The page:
Typically Ridiculous Second Quarter Propels Ohio State 34-10 Over Spartans

JK Dobbins Ohio State Buckeyes Running Back

COLUMBUS — No. 4 Ohio State (6-0, 3-0) came into Saturday’s game averaging 22 points in the second quarter this season, so it probably shouldn’t have been a surprise to see the Buckeyes use 24 second-quarter points and 296 yards of total offense in that same 15-minute span to propel themselves to a 27-10 halftime lead that would eventually end in 34-10 win over the No. 25 Michigan State Spartans (4-2, 2-1)

Junior running back JK Dobbins continued his dominating season, rushing for 172 yards on 24 carries, including a 67-yard touchdown in the second quarter. Sophomore quarterback Justin Fields completed 17-of-25 passes for 206 yards with two touchdowns and the first interception of his career.

Ohio State outgained the Spartans 529 total yards to 285, with just 67 of those yards for Michigan State coming via the ground.

Things did not begin so swimmingly for the Buckeyes, however, as they went three-and-out on their first possession. They got another crack soon after as Spartan receiver Cody White was stripped by cornerback Damon Arnette after a 9-yard completion. Buckeye linebacker Malik Harrison recovered the fumble at the MSU 27-yard line. Ohio State failed to convert a first-down and kicker Blake Haubeil missed a 37-yard field goal attempt wide right.

Two plays later for the Spartans, quarterback Brian Lewerke fumbled and it was again recovered by the Buckeyes, this time at the Michigan State 22-yard line. Fields completed two passes for zero yards and Dobbins carried it once for no gain as well. Haubeil then came in and made it 3-0 with a 39-yard field goal.

The two teams traded punts for the remainder of the quarter before things got started for real in the second quarter.

Following a Michigan State punt, the Buckeyes began their first touchdown drive at their own 14-yard line. After a 1-yard rush and then a 2-yard rush by Dobbins, Fields found KJ Hill for a first down on a gain of 10 yards. With the defense loosened up a bit, Dobbins peeled off a 13-yard run to put OSU on their own 40-yard line. On the next play, Fields faked a hand-off, then tucked the ball up under his right arm and began to run a sweep. The Spartan defense bit hard, and that’s when he pulled the ball out and hit Binjimen Victor in the flats. Victor took off down the sideline, made a slight juke to get the last defender off balance and then raced into the end zone, diving the final two yards for the 60-yard score.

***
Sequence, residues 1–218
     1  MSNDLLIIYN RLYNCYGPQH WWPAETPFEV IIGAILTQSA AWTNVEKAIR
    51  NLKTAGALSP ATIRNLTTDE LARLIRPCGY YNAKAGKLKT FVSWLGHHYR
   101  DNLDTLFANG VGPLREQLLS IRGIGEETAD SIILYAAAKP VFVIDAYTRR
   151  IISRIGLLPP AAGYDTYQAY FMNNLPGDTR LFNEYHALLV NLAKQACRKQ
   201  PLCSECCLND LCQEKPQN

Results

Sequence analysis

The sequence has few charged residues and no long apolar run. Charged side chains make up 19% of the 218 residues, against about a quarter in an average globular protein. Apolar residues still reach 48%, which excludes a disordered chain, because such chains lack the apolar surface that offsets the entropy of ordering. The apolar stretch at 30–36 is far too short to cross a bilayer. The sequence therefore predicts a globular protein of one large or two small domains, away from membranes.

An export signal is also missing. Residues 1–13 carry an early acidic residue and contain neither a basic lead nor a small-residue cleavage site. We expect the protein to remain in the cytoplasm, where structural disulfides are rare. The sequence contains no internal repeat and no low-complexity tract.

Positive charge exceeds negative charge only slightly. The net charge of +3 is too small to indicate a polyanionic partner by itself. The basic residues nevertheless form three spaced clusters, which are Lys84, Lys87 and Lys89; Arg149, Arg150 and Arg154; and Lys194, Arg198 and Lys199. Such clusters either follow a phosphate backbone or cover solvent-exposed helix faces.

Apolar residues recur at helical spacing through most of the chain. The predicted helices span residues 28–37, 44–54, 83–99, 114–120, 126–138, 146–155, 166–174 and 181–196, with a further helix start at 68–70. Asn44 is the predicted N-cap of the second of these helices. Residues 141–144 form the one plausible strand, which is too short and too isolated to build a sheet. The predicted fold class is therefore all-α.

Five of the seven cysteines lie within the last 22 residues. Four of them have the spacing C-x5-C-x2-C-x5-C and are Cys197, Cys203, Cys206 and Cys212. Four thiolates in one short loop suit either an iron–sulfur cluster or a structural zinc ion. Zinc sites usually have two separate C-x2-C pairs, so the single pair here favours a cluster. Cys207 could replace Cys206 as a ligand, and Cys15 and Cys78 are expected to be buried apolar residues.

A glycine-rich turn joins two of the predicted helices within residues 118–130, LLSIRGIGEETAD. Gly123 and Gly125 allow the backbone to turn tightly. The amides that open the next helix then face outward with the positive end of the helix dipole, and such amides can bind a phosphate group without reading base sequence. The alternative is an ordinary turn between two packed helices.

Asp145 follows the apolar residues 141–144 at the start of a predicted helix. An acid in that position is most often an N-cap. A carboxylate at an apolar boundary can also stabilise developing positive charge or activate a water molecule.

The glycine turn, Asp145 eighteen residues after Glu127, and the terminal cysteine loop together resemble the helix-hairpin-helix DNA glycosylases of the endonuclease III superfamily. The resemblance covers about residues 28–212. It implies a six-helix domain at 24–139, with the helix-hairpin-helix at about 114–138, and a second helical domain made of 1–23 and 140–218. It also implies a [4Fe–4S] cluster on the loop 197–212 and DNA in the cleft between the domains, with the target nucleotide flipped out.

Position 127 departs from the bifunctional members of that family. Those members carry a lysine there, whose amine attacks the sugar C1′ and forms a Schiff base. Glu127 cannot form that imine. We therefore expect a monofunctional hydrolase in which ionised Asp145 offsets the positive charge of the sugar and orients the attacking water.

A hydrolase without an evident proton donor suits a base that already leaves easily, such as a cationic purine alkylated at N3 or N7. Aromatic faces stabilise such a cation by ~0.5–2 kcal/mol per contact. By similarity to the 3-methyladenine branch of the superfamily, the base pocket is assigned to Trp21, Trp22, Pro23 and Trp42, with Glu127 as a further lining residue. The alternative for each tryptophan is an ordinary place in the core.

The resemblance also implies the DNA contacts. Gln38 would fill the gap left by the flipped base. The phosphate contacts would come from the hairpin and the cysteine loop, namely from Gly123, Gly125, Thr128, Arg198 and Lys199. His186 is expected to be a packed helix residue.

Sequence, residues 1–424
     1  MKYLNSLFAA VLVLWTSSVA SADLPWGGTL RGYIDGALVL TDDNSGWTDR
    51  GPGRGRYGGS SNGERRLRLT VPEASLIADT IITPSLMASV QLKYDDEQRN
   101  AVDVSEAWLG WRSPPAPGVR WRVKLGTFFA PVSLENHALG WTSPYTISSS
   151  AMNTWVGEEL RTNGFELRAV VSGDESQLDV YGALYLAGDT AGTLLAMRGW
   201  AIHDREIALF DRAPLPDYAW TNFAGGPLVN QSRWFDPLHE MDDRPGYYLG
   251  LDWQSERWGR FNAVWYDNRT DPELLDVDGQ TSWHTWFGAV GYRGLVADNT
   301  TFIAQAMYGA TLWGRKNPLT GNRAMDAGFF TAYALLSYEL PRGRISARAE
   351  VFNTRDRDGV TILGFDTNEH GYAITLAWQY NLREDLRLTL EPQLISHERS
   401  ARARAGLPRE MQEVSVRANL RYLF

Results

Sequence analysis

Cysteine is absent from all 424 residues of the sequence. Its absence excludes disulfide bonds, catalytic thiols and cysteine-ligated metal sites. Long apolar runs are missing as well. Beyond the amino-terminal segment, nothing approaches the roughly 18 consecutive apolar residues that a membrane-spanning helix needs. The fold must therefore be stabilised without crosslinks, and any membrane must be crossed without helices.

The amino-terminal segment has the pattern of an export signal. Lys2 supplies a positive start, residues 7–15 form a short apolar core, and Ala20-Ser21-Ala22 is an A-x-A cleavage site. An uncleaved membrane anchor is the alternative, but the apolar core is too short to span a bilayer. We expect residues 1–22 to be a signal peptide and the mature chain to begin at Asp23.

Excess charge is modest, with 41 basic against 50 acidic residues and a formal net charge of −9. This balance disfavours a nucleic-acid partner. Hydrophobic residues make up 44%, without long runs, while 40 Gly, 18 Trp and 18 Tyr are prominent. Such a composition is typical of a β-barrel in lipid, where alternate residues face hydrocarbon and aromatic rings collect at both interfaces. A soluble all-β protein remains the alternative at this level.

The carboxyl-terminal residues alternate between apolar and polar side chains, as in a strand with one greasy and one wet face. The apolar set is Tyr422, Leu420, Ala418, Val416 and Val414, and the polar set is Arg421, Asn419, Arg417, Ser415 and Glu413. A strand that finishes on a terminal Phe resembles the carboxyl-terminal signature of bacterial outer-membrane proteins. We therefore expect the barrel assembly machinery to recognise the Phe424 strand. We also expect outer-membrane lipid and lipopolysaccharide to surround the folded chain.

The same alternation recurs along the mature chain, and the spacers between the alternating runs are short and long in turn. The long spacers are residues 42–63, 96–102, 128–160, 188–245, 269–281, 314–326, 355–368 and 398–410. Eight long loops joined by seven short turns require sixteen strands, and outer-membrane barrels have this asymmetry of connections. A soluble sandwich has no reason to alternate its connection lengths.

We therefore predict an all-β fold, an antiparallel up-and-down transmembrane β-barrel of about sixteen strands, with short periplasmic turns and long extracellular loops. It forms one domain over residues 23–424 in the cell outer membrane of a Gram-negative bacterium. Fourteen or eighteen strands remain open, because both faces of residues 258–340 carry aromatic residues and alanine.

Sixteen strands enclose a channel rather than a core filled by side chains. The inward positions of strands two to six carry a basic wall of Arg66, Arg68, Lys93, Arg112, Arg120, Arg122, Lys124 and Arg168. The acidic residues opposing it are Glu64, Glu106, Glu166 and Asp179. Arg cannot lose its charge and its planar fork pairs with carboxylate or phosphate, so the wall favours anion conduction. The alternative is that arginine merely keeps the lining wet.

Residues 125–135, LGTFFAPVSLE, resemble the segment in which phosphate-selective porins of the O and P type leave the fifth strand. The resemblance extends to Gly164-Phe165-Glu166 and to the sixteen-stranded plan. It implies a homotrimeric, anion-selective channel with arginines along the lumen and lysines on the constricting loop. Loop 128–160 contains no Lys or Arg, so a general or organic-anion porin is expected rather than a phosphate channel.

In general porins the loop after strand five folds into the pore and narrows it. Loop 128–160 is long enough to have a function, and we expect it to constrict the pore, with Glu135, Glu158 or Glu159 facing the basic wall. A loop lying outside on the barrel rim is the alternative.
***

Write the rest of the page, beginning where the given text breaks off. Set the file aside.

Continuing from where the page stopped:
“That was a great play, great play by Coach [Ryan Day], just the way we practiced it,” Fields said after the game. “Just going over it a lot of times in practice, I think that helped execute it in the game.”

Michigan State immediately answered that touchdown drive with a 5-play, 75-yard drive of their own, which ended with a 20-yard Darrell Stewart touchdown reception from Lewerke to make it 10-7. Stewart, who is one of the leading receivers in the Big Ten, finished with six receptions for 68 yards and a touchdown. He did have a couple of crucial drops, however.

The Buckeyes had a couple more explosive plays on their next drive. Fields got it started with a 35-yard run over the left side, then he ended it with a 21-yard strike to tight end Luke Farrell who barrelled in off of a few defenders to reach the end zone.

Trailing 17-7, Michigan State continued to fight right back, driving 34 yards in eight plays for a 39-yard field goal from Matt Coghlin.

One minute later, Dobbins took a hand-off and slipped through the line of scrimmage and then kept racing through a final pair of defenders for a 67-yard touchdown, making it 24-10.

“That was a home run hit right there that I think really changed the game,” Day said. “Any time you can hit home runs like that in the run game, boy, it’s a huge one.

“But it’s one thing to get a 20-yard gain, but to come out the back end, and that was 60-some yards, that’s a game changer.”

The Spartans could only manage a three-and-out on their next possession. With just 1:46 remaining in the half, the Buckeyes went 45 yards in 10 plays and settled for a 43-yard field goal from Haubeil to make it 27-10 at the half.

The third quarter went scoreless for both teams, and not entirely from lack of trying. The Buckeyes got back on the scoreboard early in the fourth quarter via an 11-play, 80-yard drive, bolstered by a 29-yard run from Dobbins and capped by a 1-yard Fields run for the touchdown.